Why a good investment is like picking the right squad

Sam Slator 23/05/22 in Strategy

It’s one of the biggest events on the football calendar. The Champion’s League final takes place on Saturday night, with Liverpool facing Spanish giants Real Madrid.

The annual competition has pitted 32 of Europe’s best teams against each other in group and knockout stages over the past year. And it reaches its pinnacle in a showpiece event at the Stade de France stadium in Paris.

Whether the trophy will spend the next 12 months in Spain or England will depend on the performance of the teams – and the managers at the helm.

Staying in the game

It’s a similar story with investments. Major global events such as the coronavirus pandemic and Russia’s invasion of Ukraine have prompted investors to flee financial markets.

However, it’s important that they stay invested during this period, according to an insight from Brooks Macdonald, whose funds include the SVS Brooks Macdonald Defensive Capital fund.
“Missing the best days during the downturn and subsequent upturn can again have a large impact on the returns generated over the subsequent period,” it stated.

While it’s certainly been a challenging period for investors during 2022, plenty of UK and European companies are still making decent profits. So, if you have a good manager in charge, picking the right stocks, you can still be very successful.

Here we take a look at which stocks are favoured by the managers of both UK and European-focused funds – and highlight the best and worst performers.

Best and worst performers

Novo Nordisk, the Danish healthcare giant, was the largest contributor to the performance of BlackRock’s European Absolute Alpha fund in the financial year to 28th February 2022*.

The company’s launch of Wegovy, a drug targeting weight loss, proved highly successful, according to the fund’s annual report. “Owing to the large addressable market, we believe the launch of this drug could drive strong earnings growth for the business on a multi-year view,” it stated.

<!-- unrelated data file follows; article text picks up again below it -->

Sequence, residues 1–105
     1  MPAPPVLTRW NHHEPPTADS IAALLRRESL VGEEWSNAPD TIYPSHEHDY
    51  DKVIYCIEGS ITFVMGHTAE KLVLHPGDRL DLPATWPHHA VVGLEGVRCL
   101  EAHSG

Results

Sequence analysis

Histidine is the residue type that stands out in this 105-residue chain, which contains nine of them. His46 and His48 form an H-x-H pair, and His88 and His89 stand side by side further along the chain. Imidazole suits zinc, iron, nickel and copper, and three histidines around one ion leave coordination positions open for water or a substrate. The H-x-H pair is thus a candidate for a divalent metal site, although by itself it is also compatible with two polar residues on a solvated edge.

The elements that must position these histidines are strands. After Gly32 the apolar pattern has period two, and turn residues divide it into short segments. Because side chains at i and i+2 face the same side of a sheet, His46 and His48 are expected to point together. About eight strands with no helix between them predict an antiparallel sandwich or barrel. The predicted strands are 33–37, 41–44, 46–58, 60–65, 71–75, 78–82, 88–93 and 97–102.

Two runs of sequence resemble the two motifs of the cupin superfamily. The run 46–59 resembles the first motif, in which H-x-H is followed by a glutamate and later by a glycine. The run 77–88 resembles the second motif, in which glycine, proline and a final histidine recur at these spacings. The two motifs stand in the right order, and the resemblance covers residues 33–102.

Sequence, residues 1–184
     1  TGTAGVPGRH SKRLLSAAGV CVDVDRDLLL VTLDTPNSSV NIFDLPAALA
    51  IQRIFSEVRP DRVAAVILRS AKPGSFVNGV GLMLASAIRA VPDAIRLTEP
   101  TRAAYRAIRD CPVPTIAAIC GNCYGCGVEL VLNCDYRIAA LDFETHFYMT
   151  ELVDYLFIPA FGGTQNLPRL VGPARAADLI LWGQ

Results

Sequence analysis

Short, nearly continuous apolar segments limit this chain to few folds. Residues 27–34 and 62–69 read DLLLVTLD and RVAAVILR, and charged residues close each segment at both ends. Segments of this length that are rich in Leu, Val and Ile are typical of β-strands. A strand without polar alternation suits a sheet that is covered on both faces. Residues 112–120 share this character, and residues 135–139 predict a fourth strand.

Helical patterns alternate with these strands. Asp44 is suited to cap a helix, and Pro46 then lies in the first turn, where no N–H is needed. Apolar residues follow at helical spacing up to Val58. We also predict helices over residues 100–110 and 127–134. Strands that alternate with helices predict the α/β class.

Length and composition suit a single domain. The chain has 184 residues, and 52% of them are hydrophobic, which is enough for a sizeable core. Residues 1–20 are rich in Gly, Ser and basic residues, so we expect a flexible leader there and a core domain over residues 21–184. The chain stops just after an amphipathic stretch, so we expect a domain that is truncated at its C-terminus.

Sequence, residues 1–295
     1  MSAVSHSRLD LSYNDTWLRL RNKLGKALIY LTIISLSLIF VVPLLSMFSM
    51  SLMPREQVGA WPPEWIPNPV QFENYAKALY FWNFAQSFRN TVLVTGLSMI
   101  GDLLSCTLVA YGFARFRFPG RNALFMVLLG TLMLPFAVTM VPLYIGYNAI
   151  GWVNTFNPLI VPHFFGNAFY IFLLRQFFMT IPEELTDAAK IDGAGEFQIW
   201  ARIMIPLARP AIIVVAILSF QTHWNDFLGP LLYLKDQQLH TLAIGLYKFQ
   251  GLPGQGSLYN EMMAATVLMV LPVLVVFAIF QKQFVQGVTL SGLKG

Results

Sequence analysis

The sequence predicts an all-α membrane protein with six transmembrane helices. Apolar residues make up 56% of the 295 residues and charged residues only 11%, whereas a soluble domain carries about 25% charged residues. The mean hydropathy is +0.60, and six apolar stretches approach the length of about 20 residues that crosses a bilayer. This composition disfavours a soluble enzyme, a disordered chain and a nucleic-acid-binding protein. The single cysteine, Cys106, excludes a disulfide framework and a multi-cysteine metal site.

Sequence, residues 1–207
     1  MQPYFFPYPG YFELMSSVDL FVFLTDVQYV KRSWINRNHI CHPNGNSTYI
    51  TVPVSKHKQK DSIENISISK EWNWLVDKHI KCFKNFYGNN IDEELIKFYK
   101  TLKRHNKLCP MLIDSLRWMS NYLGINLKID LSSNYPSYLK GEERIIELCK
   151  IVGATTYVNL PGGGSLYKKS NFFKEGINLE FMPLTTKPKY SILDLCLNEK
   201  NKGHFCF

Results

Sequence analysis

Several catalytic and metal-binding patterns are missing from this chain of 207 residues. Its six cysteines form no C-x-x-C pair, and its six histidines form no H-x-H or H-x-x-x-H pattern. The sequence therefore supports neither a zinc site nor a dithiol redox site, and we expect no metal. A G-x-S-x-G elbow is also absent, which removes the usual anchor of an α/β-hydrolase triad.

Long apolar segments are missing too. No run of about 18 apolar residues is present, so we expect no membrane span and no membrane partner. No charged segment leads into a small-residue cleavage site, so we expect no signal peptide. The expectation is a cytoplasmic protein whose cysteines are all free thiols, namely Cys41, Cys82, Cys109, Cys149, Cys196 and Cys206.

The fund, which aims to provide a positive absolute return over any 12-month period, regardless of the market conditions, also highlighted the detractors to returns. Top of this list was the portfolio’s long position in JD Sports, the branded and private label sporting fashion apparel group.

“Whilst the company’s results have beaten market expectations over the period, the fears around a squeeze on both the UK and US consumer, as well as shares sold by the group’s Chairman, detracted from the fund’s returns,” it added.

The Comgest Growth Europe ex-UK fund, which aims for long-term capital appreciation by investing in high quality growth companies, has broad country exposure. The most significant weighting of 20.8% is in France, followed by 15.5% in Switzerland, 14.6% in Ireland, and 14.3% in the Netherlands**. It also has exposure to Denmark, Italy, Spain, Germany, Portugal, and Sweden.

On a stock perspective, Novo Nordisk has the largest weighting of 7.9%**. In a recent update, the managers noted how consumer discretionary and technology stocks have been the worst performers as a result of the environment created by Russia’s invasion of Ukraine.

“Among the top contributors, Heineken rose following strong first quarter sales in which volumes beat expectations despite substantial price increases,” it stated. Meanwhile, ASML, the computer chip giant, was a detractor to performance. “ASML fell despite in line first quarter sales and upgraded 2025 lithography machine expectations,” it added.